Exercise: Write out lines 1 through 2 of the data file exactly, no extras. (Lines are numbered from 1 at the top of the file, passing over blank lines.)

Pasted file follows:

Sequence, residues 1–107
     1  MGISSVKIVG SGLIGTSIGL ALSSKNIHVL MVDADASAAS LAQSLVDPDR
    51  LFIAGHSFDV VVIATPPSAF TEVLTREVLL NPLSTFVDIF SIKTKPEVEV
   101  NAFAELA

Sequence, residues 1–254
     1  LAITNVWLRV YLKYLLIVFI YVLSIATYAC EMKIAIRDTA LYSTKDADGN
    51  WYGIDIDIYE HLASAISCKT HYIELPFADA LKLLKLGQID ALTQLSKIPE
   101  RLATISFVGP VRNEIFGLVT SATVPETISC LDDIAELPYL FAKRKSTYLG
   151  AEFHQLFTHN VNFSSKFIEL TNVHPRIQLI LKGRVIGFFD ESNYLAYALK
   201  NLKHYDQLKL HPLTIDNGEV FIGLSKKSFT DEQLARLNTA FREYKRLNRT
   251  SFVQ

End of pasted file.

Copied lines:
Sequence, residues 1–107
     1  MGISSVKIVG SGLIGTSIGL ALSSKNIHVL MVDADASAAS LAQSLVDPDR